This is my first post here, and I hope to find an answer to my question.

I have found a paper that examines the relationship between earnings management (absolute value of the abnormal working capital accrual) and IFRS.
I have noticed that the author divided the earnings management by the beginning total assets. Further, the control variables include leverage which is the total debt divided by the current year's total assets, CFO which is the cash flow from operating activities divided by the beginning total assets, and ROA which is the operating profit divided by the beginning total assets. Firm size is the log of total assets for the current year.
For other papers, I have found that most of the past paper didn’t show a consistent approach, I mean some of them divided the earnings management and CFO on the current year of total assets, while divided the ROA on the previous year of total assets and used the log of total assets of the previous year.

So, I am wondering why, I mean is there any statistical issue behind that?
Can I scale the variables on the beginning and current total assets randomly in a way that serves the results, or do you think there is a benchmark for this?


1 Answer 1


Scaling should be "reasonable" and perhaps "logical."

The issue here is that the firms being compared vary widely in size. Hence, the data is scaled.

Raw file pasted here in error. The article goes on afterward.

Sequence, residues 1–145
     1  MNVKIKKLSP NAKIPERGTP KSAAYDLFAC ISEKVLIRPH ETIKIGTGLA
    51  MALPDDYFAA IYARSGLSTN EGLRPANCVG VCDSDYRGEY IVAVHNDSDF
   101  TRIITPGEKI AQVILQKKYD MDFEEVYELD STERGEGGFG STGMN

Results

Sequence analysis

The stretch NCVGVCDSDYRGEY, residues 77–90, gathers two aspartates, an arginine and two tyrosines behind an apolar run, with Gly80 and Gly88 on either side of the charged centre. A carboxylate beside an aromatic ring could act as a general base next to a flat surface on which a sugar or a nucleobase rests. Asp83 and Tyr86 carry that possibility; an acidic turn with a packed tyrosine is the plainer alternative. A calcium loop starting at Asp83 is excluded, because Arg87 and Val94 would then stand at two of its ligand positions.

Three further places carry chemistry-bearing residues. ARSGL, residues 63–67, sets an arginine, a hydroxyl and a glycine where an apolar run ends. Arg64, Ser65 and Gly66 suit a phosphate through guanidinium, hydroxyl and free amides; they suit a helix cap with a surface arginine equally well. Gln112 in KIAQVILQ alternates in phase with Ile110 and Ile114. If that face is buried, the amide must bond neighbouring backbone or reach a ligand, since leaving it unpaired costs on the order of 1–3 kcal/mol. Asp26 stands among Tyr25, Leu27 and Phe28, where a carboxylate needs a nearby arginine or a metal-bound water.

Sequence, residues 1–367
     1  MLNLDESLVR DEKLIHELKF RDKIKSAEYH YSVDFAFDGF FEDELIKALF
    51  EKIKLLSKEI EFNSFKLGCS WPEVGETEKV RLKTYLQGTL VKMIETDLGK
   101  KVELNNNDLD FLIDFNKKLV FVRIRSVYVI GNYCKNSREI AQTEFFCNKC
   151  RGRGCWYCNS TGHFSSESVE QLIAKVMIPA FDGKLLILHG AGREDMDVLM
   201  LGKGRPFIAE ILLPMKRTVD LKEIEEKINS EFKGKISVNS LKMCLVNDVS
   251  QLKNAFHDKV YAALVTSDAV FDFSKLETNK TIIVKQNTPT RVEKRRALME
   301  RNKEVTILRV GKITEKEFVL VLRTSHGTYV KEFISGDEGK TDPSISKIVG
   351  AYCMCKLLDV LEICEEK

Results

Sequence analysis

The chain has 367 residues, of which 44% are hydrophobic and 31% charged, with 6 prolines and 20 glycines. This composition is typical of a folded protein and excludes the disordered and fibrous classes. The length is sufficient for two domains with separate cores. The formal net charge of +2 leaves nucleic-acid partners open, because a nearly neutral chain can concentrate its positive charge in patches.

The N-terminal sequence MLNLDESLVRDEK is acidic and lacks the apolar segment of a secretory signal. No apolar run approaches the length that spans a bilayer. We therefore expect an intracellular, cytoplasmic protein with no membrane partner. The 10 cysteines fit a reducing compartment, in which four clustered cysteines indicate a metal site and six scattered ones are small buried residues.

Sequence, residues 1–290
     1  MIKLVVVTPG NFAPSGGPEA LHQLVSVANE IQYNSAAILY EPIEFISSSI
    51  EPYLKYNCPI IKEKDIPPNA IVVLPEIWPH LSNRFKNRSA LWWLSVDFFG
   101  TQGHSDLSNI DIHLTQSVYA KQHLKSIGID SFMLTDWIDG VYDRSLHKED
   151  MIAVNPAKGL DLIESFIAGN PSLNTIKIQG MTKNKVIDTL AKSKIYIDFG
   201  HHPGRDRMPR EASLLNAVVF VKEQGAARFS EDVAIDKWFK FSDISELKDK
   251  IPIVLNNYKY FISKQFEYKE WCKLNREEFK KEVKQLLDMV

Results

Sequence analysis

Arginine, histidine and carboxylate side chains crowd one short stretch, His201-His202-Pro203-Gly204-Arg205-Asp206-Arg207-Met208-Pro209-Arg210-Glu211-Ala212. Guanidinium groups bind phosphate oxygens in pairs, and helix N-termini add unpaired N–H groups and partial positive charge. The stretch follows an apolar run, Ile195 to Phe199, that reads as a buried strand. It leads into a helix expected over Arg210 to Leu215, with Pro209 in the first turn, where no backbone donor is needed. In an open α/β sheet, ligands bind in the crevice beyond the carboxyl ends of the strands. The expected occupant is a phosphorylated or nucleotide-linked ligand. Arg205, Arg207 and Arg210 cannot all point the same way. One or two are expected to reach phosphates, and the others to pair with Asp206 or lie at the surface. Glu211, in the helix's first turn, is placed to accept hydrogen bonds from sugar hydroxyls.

Prior year or current assets would be reasonable to scale earnings, debt leverage, and CFO. Assets are always changing, so assuming they don't change too fast, either is "reasonable." It would likely be better to use the average of prior and current year, but the gain to be had is probably not worth the complexity.

However, what if assets do change quickly? If a firm made a huge acquisition, then its assets would suddenly jump much higher. How to handle that? The average mentioned above would be one way. Or, use the ending assets to scale! So if the firms being analyzed do a lot of mergers and acquisitions, then scaling by ending assets would be reasonable, as it prevents misleading jumps in the scaled data.

ROA I would scale by prior year assets, as it is the growth of the assets themselves. Scale by the starting point, not the ending point. If there was an acquisition, used the combined assets from both firms for the prior year.

  • $\begingroup$ Thanks very much for the answer. Much appreciated. but, I think it is really hard to decide if the assets for all firms is jumping too fast or not, do you mean to observe that by my eyes?? $\endgroup$
    – user323133
    May 29, 2021 at 17:58

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